Anthony R. Reed, P.C., commercial real estate broker / agent, Tucson, AZ

Direct Phone:
(520) 403-2150

(520) 989-6042

Toll Free:
(800) 328-1575


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Historic Perspectives

Native American Influence 
for thousands of years, Indians were the exclusive inhabitants of Arizona. Archaeological evidence points to the prehistoric existence of three major tribal groups - the Anasazai of the northern plateau highlands, the Mogollon people of the northeastern and eastern mountain belt, and the Hohokam of the southern desert. The earliest inhabitants of Southern Arizona were the Hohokam Indians, who irrigated and farmed the area for more than 700 years, until about AD 1400. There is no record of the Hohokam after that time, although it is believed they may have been the ancestors of the Pima Indians. The name Hohokam in the Pima Indian language means "those who have vanished." The Pima and Sobaipuri Indians witnessed Spanish Jesuit missionary Father Eusebio Francisco Kino's visit to the Tucson area in 1687. In 1700, Father Kino established the San Xavier Mission at the nearby village of Bac. He founded approximately 24 missions in the region and introduced Christianity and the Spanish culture to the Indians.

The Beginnings of a City 
Spain was the first country to fly its flag over historic Tucson. The Indian name for the settlement here was Stjukshon, pronounced like Tucson, which roughly translates as "spring at the foot of the black hill." Spanish settlers built the walled San Augustin del Tucson presidio in 1776 to protect themselves from marauding Apaches. The walls of the presidio gave Tucson its nickname "Old Pueblo." The Spanish introduced cattle and horse raising and a variety of new agricultural crops and techniques to the Native Americans. They left a dominant imprint on the architecture and culture of the area. Tucson became part of Mexico in 1821 when Mexico gained its independence from Spain. The American flag was raised over Tucson in 1846 by the commander of the Mormon Battalion during the Mexican War, and the ensuing Treaty of Guadalupe-Hidalgo in 1848 ceded most of Arizona and New Mexico to the United States. In 1853 the Gadsden Purchase added another 30,000 acres to the United States and drew the US-Mexico border at its present location. Except for two brief periods during the Civil War when Confederate soldiers raised their standard, the Stars and Stripes has continued to fly over the city. Early Tucson was an Overland Stage stop and major outpost against the Apaches. From 1867 to 1877, Tucson was the capital of the territory. The founding of the University of Arizona paved the way for the modern city of today.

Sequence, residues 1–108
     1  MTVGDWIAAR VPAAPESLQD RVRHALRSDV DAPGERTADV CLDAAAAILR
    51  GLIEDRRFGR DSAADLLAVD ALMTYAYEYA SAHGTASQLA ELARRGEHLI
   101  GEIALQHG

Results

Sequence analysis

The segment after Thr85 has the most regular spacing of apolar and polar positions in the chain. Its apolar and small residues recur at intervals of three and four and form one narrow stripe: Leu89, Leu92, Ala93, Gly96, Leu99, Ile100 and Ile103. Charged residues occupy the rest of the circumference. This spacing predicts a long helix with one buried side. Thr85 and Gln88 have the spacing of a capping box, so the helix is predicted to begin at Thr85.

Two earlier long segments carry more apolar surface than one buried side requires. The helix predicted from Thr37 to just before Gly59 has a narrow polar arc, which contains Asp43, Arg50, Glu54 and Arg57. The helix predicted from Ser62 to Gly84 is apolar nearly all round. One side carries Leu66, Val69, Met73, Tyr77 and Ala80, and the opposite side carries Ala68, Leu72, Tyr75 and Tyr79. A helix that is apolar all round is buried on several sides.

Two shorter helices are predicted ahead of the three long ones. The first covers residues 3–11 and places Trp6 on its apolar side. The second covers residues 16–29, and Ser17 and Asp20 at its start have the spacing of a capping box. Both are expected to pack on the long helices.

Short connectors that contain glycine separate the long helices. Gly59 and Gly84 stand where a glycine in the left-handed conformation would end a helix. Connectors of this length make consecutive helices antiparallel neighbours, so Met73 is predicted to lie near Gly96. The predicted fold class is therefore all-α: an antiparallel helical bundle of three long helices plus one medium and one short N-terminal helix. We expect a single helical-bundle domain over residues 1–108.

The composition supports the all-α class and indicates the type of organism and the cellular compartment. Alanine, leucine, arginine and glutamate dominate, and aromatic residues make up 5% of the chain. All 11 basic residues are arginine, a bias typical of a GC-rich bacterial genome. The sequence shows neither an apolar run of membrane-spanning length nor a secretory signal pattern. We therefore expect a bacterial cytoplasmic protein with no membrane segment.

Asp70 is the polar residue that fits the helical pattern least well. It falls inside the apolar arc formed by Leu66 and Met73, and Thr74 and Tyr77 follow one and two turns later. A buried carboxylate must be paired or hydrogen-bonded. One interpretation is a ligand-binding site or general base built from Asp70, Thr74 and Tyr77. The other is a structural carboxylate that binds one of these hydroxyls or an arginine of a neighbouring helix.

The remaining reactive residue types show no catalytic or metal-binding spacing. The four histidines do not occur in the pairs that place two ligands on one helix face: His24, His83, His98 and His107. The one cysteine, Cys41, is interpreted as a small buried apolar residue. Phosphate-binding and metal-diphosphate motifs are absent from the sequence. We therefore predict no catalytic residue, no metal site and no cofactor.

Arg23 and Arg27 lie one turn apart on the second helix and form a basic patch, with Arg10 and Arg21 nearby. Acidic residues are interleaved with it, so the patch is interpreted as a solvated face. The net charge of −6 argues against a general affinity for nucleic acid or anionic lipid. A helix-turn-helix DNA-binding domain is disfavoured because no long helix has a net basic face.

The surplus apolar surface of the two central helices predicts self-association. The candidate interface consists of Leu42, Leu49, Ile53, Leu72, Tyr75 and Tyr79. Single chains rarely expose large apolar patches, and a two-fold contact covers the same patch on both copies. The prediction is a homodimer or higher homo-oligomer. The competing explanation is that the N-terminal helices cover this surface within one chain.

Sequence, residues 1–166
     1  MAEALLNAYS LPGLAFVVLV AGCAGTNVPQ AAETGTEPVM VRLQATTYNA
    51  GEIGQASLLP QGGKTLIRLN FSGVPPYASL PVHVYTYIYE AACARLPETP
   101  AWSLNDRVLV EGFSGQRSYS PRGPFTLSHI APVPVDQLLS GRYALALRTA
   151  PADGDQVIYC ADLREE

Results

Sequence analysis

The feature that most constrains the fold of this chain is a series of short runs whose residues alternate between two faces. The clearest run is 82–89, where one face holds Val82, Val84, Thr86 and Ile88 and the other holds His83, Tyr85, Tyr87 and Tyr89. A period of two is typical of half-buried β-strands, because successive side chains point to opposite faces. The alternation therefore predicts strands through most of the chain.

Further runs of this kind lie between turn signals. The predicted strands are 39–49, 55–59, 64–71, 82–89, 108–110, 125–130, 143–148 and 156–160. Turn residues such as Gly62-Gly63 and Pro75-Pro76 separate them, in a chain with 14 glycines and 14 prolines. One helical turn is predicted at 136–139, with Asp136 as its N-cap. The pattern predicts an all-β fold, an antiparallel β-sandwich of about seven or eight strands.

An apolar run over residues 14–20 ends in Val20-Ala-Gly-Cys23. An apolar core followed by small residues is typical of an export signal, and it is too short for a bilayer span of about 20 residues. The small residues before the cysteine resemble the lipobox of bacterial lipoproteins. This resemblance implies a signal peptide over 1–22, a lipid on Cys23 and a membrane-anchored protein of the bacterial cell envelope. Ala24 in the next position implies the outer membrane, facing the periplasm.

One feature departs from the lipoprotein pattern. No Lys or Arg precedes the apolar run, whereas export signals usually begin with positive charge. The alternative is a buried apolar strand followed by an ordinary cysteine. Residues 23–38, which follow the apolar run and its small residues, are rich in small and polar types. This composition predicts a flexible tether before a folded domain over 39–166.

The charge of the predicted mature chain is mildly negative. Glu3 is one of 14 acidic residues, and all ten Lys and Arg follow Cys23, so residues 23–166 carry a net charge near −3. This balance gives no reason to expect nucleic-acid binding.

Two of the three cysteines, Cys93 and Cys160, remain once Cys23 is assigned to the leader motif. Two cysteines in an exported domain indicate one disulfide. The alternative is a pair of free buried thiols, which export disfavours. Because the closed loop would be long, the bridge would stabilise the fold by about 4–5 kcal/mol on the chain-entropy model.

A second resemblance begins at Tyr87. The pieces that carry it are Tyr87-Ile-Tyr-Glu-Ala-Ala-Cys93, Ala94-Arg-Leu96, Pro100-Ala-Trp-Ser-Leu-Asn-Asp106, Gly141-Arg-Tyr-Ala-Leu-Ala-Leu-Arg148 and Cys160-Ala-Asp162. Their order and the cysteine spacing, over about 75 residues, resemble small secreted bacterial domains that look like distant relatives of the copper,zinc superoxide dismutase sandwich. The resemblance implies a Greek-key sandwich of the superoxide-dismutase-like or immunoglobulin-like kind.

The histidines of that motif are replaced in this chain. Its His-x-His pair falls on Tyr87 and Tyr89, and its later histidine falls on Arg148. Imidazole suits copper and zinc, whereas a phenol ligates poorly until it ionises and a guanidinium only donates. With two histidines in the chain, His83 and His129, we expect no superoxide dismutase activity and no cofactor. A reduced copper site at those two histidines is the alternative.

Tucson Today 
Nearly 860,000 people now live in metropolitan Tucson. Today's Tucson is a unique blend of Western atmosphere and cosmopolitan style. The architecture, the Native American and Spanish heritage, and the cultural activities have created a special ambiance. Listen carefully, because if the language you hear is not Spanish, it may be Yaqui or Papago, the languages of earlier settlers. Or it could well be German, Grench or Dutch. Foreigners sojourn to Tucson for reasons of culture, climate, commerce and medical care. While its roots go back to the beginning of recorded history, Tucson has a young, dynamic population. The average age here is 30.6, compared with 33 for the United States as a whole. And Tucson is just large enough to offer the perks of a big city and small enough that natives express outrage if there is a ten-minute delay in traffic. 

It is a big city by virture of its land mass -- at 1632 square miles it is three times larger than San Francisco. But it is small enough that when hometowner Linda Ronstadt returns to perform -- usually singing in both English and Spanish -- Tucsonans respectfully leave her be as she walks with her family from a concert. The city of Tucson's neighborhoods are now divided equally between newcomers and native Mexican-American families. Several of these neighborhoods -- referred to as barrios -- are governed by strict historical status: Not a board comes down or goes up without scrupulous analysis by a neighborhood association. 

Because of its casual, welcoming atmosphere, Tucson was included in the book, 50 Fabulous Places to Raise Your Family, by Lee and Saralee Rosenberg (Career Press, 1993). In addition to rating Tucson schools as "excellent" and describing its employment outlook as "one of the fastest growing job markets in the U.S.," the author has offered this ultimate high praise: "If you were to go to a drawing board to create the ideal urban environment of the '90s, you'd be wise to use Tucson as a model." Historically, agriculture and copper mining were the basis of Southern Arizona's economies. Today, tourism is a leading industry. The city's museums, festivals, specialty shops, and recreation activities attract visitors from around the world. 

Long Realty Company

River/Campbell Office
1890 E. River Road
Tucson, AZ  85718